Opportunities to speak Chinese are not as widespread as you’d assume. If you’re new to Taiwan most your Chinese interactions are probably with service people. These exchanges are often too simple to help with more than the basics, or descend into the surreal. My favorite occurs when the young counterperson freaks as I enter an American fast-food chain. Stone-cold terror. “Oh God my English is so bad. I can’t spell and have no idea when to use the auxiliary verb—what am I going to do? I should have studied harder for that test.” It doesn’t happen every time, but when it does I  like to put them at ease right away with my smooth Chinese ordering, because I’m a nice foreigner: 請你給我一個1號餐. Usually that draws a bug-eyed gawp. Well, these things happen. So, ever the charming foreigner, I’ll repeat myself in passable Chinese, 請你給我一個1號餐. The steadily widening eyes by this point usually look like those of a drunken Russian getting kicked in the nards on YouTube. It begins to feel like a passion play, but it’s not clear which of us is Christ. Around this time the server will skitter off to find the manager. On their return, I get a third chance for some real-world Chinese practice, 請你給我一個1號餐. The manager, older, wiser, and unintimidated by my blonde hair, will probably recognize Chinese. These interactions have minimal positive impact on Chinese learning. 

The opposite is also common. Sometimes you’ll meet Taiwanese dying to speak English with a native speaker. It’s almost impossible to get them to interact in Chinese. It is unnatural to continue speaking Chinese while being replied to in English. You’re being socially awkward. It can be demoralizing for the language learner. It feels like they think  your Chinese is inadequate.  Dealing with a conversation partner who’s either too scared or excited is not good for language learning.

Non-English-speaking Europeans tend to have better Chinese skills. Partially it’s that many come from multilingual countries and are used to interacting in their non-dominant language. But also, not many Taiwanese are going to speak to them in French. If their English is poor, they have to speak Chinese. For them, Taiwan is an immersive Chinese language experience. I’d never say it’s good to be French, but in this one way it’s advantageous.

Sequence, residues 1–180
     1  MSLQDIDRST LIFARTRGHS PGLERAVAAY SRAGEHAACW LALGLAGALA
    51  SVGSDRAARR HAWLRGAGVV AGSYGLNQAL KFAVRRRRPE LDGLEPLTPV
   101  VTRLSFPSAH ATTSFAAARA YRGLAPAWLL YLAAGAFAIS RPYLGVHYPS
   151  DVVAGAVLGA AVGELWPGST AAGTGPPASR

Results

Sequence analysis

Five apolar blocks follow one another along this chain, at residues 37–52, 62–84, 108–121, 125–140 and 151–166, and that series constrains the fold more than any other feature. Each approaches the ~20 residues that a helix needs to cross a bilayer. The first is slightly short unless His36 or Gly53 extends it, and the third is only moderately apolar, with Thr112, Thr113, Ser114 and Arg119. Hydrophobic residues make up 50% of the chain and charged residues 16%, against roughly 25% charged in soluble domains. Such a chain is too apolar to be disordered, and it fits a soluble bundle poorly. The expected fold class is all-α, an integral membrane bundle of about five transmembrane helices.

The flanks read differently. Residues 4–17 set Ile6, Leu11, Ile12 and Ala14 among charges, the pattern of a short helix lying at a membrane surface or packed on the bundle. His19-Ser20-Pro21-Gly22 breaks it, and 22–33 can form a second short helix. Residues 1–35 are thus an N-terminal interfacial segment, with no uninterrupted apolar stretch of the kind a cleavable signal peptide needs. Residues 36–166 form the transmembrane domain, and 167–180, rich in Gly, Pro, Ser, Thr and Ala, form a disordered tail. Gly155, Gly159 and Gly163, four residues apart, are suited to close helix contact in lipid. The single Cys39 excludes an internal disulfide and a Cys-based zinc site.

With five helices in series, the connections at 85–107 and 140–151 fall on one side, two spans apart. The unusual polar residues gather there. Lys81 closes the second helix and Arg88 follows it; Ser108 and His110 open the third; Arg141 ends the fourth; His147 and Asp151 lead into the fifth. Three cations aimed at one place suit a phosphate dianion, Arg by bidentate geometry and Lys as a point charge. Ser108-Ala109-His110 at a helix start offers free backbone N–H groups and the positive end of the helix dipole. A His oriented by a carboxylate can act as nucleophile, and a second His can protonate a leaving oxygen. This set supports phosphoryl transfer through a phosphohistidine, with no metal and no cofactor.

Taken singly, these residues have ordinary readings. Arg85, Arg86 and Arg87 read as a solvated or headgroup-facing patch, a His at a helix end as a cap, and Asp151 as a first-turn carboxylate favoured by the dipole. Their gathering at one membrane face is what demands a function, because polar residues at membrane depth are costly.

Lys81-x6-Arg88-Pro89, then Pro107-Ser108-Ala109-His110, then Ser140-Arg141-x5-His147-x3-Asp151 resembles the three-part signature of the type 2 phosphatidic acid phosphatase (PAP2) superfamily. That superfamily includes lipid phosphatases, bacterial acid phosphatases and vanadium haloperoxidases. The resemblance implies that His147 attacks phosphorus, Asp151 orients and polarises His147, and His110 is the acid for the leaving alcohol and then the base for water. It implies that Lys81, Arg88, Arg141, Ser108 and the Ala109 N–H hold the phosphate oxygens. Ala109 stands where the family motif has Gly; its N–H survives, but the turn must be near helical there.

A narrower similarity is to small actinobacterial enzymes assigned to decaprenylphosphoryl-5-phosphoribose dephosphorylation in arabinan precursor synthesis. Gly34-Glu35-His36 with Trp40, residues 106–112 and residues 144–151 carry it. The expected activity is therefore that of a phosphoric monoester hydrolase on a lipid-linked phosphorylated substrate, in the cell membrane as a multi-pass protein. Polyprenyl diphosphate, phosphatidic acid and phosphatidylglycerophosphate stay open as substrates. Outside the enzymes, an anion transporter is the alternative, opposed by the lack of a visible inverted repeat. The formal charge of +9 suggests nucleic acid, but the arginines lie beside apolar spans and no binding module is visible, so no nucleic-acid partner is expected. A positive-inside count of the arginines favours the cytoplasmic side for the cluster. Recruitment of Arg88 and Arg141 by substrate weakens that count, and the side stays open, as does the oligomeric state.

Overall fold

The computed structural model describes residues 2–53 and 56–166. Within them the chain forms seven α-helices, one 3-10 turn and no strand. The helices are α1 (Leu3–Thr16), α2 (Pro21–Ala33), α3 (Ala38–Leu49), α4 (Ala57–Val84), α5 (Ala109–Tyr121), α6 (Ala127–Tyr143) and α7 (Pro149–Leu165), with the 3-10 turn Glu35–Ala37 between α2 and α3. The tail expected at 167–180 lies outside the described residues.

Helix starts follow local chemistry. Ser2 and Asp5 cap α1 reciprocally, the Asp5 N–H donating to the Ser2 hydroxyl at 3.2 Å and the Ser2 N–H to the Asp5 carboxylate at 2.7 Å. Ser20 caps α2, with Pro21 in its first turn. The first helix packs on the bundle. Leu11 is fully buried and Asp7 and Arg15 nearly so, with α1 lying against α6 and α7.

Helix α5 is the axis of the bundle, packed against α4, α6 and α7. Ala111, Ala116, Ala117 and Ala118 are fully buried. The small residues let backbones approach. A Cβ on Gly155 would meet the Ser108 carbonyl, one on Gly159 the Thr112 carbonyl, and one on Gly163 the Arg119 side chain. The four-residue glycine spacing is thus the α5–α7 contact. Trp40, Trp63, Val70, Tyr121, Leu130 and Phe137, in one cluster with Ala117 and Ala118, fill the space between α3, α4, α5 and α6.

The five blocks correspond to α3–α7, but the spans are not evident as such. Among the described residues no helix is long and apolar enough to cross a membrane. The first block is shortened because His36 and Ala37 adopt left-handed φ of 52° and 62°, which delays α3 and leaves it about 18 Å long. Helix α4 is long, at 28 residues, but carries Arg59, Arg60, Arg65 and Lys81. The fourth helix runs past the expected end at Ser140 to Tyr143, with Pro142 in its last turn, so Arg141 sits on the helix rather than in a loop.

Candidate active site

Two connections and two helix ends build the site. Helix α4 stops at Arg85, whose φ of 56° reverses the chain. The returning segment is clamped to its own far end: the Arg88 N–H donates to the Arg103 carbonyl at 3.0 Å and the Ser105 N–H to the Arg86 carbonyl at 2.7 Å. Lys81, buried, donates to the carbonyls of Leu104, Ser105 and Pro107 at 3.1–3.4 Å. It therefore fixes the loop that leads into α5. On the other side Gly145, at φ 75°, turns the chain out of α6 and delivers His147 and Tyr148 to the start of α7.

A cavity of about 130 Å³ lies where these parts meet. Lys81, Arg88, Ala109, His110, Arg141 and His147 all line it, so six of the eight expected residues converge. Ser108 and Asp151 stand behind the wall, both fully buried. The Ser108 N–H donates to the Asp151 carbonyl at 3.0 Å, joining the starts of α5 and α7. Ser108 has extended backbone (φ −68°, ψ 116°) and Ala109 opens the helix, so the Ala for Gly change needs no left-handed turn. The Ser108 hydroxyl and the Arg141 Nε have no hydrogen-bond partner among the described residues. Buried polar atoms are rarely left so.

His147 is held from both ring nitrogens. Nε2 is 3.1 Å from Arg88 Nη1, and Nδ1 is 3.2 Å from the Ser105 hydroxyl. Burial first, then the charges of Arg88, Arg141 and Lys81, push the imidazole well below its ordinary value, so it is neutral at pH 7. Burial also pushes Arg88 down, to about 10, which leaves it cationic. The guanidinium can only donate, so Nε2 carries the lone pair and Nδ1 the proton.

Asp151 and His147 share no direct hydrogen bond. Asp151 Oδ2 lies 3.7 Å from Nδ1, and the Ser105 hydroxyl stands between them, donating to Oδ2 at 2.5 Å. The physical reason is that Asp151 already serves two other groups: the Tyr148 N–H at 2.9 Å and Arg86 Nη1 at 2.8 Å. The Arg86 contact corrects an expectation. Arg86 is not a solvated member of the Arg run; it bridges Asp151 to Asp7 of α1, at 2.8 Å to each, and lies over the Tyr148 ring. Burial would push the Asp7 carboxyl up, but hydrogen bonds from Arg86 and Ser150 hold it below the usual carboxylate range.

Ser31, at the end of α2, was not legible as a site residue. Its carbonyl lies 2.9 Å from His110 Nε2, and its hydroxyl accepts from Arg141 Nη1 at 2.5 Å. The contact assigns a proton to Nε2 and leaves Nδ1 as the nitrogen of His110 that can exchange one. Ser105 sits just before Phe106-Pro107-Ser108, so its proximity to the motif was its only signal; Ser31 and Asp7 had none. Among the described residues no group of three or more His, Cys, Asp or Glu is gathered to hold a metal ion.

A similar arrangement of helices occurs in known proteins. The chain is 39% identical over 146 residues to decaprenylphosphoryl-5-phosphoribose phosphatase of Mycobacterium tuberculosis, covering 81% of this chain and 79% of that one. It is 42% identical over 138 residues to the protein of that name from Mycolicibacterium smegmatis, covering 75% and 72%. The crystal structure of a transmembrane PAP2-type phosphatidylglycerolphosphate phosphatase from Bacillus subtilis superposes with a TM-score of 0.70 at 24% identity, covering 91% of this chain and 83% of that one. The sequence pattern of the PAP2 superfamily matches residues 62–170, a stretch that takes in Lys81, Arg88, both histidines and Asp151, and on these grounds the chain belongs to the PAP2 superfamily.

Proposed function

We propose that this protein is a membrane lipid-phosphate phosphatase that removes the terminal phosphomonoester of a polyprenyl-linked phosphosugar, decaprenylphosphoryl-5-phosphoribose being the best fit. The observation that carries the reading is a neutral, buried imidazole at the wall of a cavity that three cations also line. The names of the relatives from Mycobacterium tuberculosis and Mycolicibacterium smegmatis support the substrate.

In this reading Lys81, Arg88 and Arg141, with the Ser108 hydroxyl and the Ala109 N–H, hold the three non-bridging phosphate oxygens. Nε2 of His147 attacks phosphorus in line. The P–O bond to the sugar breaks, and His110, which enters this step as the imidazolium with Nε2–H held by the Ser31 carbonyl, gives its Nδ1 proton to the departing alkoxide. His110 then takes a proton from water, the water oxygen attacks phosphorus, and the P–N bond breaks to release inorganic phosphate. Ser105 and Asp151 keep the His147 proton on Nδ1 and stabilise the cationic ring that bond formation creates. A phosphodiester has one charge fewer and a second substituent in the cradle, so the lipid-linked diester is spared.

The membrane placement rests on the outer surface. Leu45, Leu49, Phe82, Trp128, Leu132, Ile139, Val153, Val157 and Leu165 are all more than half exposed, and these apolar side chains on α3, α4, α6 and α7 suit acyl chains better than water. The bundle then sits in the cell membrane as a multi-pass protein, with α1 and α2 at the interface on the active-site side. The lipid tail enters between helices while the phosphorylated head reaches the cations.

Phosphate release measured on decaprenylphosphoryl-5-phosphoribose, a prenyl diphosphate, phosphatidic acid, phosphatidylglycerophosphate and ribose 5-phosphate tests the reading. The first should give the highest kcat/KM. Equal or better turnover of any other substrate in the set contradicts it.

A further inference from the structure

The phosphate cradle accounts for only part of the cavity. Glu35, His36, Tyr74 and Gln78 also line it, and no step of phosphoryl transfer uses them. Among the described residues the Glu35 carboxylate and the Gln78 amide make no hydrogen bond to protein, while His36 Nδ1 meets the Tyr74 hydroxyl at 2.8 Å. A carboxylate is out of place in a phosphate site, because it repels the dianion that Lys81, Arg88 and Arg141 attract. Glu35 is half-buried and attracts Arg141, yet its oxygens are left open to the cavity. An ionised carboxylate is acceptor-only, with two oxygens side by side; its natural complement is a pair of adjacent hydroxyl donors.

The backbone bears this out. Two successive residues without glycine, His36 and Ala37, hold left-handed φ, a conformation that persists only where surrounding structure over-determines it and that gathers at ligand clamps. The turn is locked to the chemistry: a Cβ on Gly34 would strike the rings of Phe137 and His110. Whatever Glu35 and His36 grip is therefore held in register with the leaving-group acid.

While Europeans are often multilingual, English speakers tend to be monolingual. Partly it’s an accident of geography. English developed in England, relatively isolated from other languages. Insularity seems to have bred linguistic self-centeredness. Whether for historical reasons or pure arrogance, many English speakers have the attitude that:  English is my first, and God willing, last language. [What do you call someone who speaks three languages? Trilingual. What do you call someone who speaks two languages? Bilingual. What do you call someone who speaks one language? English].

The stereotypical English attitude to other languages is a factor in some English-speaking expat’s monolingualism. Also, many of us—despite living in Taiwan—inhabit remarkably English environments. There’s a reason English teachers tend to have terrible Chinese. We spend our workdays speaking English in class, taking breaks with other English teachers, and interacting with staff in English. It is an entirely English work environment. Many other technical experts in Taiwan exist in a similar English bubble. It’s bad in many ways. It definitely makes Chinese fluency difficult. For these expats, learning Chinese in Taiwan has little advantage over studying Chinese in their home countries.

There is one last problem. Motivation. Sometimes comprehension is undesirable. I don’t want a clear idea what my in-laws are saying. When they’re talking I turn my brain to the Charlie-Brown’s-teacher setting: wah, wah, woh, wah, wah. Likewise, sometimes you just don’t want to know what your wife is saying. Nothing good can come from it, just more chores and probing insights into how you should change—monolingualIsm has its advantages.

The article is intended as an explanation—not an excuse. It is wrong to live in Taiwan and not make an earnest effort to learn the language. Personally, I do study and speak Chinese, but am embarrassed at my level of fluency.